The main aim of a Heating, Ventilation and Air Conditioning (HVAC) system is to achieve and maintain the desired indoor environment condition at the minimum possible energy consumption. For big centralized systems, it is of great importance that the proper design strategy is selected. The two main air system types found in centralized HVAC systems are Constant Air Volume (CAV) and Variable Air Volume (VAV) systems.
This article aims to present the main features of the two types of systems, their advantages and disadvantages and what is the selection process between the two at the design stage of an HVAC system.
In a centralized system, air is heated or cooled at a central location and then is distributed across numerous rooms or zones via fans and ducting networks. In many centralized systems, air is treated in an Air Handling Unit (AHU) that contains both heating and cooling coils, a single or multiple fans and air filters. The way that the conditioned air is distributed to the various zones depends on whether CAV or a VAV system is implemented.
In a CAV system, the desired indoor conditions in a zone are achieved by keeping the air flow rate constant and varying the air temperature. Air is distributed from the main fan of the centralized HVAC system (e.g. an AHU) through the main ducts and reaches the conditioned spaces via smaller duct branches. Since in a CAV system air is supplied to each room at a constant rate, it is of great importance to calculate what is the required air flow for each room at the design stage. The desired airflow in each room can be achieved either by carefully varying the dimensions of each duct branch or by installing manual volume control dampers or constant air volume regulators.
A volume control damper is a device installed inside the ductwork that allows for the adjustment of the passage free area, and as a result, the adjustment of the volume flowrate through each duct. Volume control dampers feature rotating blades that can be manually regulated or be controlled via actuators. They are a relatively cheap and reliable solution which allow the installer to guarantee that only the airflow necessary to achieve the desired indoor conditions reaches a room.
As the name suggests, a CAV regulator is a device that maintains a constant flow of air through it. It achieves this by automatically varying the free area of a duct branch, based on the pressure fluctuations occurring inside the duct. As a result, CAV regulators offer automatic balancing of air ducts within a range of operating pressure which is defined by the manufacturer. Contrary to the use of VCDs, a correctly selected CAV regulator will not need balancing after installation to guarantee the desired airflow delivery.
In a VAV system, the desired indoor conditions within a zone are achieved by varying the air flow rate based on the specific heating or cooling load of the zone. Due to the more advanced design and control requirements, a VAV system is considered a more complex solution compared to the CAV, but if implemented correctly it’s the more cost-effective system overall. The proper functioning of a VAV system depends on the performance of the VAV dampers.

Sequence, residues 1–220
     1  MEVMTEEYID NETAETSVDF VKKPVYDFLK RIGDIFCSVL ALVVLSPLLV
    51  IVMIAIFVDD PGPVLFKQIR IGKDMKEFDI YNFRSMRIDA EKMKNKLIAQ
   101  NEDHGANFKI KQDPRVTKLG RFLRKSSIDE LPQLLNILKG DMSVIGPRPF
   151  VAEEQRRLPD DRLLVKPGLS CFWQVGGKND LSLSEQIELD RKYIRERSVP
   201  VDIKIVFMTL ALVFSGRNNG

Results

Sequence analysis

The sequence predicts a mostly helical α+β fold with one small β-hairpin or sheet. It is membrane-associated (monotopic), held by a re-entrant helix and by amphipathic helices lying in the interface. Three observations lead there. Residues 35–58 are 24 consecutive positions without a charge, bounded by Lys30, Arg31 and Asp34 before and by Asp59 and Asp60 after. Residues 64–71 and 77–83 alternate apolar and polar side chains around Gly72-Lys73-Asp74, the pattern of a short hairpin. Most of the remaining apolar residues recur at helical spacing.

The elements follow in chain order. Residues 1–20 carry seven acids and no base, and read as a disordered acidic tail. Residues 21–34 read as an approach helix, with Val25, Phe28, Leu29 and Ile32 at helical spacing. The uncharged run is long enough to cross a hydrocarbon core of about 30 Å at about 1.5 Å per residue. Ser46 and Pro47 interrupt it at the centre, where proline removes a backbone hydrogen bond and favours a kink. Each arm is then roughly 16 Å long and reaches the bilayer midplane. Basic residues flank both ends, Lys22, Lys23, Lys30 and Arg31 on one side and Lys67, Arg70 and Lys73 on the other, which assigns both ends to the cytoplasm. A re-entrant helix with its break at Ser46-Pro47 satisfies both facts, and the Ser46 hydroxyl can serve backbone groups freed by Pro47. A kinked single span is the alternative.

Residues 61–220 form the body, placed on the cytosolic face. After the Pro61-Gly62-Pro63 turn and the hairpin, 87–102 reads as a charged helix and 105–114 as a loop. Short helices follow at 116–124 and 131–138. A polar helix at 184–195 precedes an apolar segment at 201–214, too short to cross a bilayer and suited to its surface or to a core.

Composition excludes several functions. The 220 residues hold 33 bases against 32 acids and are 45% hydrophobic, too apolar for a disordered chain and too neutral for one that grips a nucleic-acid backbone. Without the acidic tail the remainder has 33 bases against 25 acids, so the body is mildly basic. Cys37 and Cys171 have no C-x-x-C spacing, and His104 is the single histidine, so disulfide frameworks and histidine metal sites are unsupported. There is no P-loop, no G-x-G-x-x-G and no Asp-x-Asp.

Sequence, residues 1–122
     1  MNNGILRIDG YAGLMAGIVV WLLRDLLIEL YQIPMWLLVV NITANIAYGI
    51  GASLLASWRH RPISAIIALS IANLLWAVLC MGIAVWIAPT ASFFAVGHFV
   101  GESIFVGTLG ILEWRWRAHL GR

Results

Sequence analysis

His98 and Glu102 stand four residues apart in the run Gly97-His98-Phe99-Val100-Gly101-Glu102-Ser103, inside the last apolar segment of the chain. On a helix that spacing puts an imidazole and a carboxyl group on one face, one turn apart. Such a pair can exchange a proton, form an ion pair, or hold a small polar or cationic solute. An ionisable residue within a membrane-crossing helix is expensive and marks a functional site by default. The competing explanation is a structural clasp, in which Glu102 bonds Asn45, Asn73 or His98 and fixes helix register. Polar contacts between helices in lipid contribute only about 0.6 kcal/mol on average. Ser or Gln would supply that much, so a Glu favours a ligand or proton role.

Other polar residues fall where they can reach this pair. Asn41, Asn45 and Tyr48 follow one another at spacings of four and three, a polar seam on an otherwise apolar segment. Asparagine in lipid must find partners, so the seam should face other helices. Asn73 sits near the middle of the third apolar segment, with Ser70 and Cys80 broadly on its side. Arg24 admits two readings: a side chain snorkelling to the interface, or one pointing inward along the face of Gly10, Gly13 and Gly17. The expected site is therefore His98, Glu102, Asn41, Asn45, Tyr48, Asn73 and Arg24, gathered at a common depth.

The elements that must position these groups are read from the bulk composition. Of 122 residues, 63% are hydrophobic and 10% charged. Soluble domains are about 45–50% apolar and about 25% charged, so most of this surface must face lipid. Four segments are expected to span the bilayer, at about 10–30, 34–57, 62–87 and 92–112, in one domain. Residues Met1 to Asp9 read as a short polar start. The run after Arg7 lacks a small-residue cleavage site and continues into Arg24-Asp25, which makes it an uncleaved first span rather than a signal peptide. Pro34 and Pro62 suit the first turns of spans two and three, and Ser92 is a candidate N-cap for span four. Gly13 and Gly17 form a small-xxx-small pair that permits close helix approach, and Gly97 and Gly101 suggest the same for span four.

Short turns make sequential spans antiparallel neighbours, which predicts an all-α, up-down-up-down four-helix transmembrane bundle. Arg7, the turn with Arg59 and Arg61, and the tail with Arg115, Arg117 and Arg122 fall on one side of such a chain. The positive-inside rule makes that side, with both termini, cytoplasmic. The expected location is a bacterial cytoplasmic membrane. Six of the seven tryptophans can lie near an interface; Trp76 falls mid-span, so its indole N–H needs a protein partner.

A VAV regulator is the device that regulates the amount of air flowing into a zone, and it’s the most vital part of a VAV system. In its simplest form, a VAV damper is essentially a VCD with an electric actuator and an airflow measuring cross. Based on the readings from the room thermostat and the airflow sensor on the damper, the actuator regulates the position of the damper blade, and controls the flow of air passing into the zone. Other versions of a VAV damper may also include integrated sound attenuators and/or an electric or water heater to reheat the air before it’s introduced into the room.
In general, CAV systems are considered to be an older design
strategy, however it still has some applications in modern HVAC
system designs. The main advantage of the CAV systems is that they
are much simpler in terms of their design, process, and
installation. They also come at lower-up front cost compared to
VAVs. However, if the centralized HVAC system is serving various
zones with significantly different heating and cooling loads, then
the greater energy efficiency offered by a VAV makes it a more
economical solution in the long run.
VAV systems are more complicated to design, but they are the optimum solution for controlling different zones with different heating or cooling loads.
As stated before, CAV systems are the preferred choice for buildings with zones with similar heating or cooling loads with no significant fluctuations for example small offices and small retail stores.
VAV systems are the ideal choice for larger buildings, where different rooms may require a different load by design and where the load of each room may vary significantly during the day. Examples of such buildings include supermarkets, airports, and hospitals.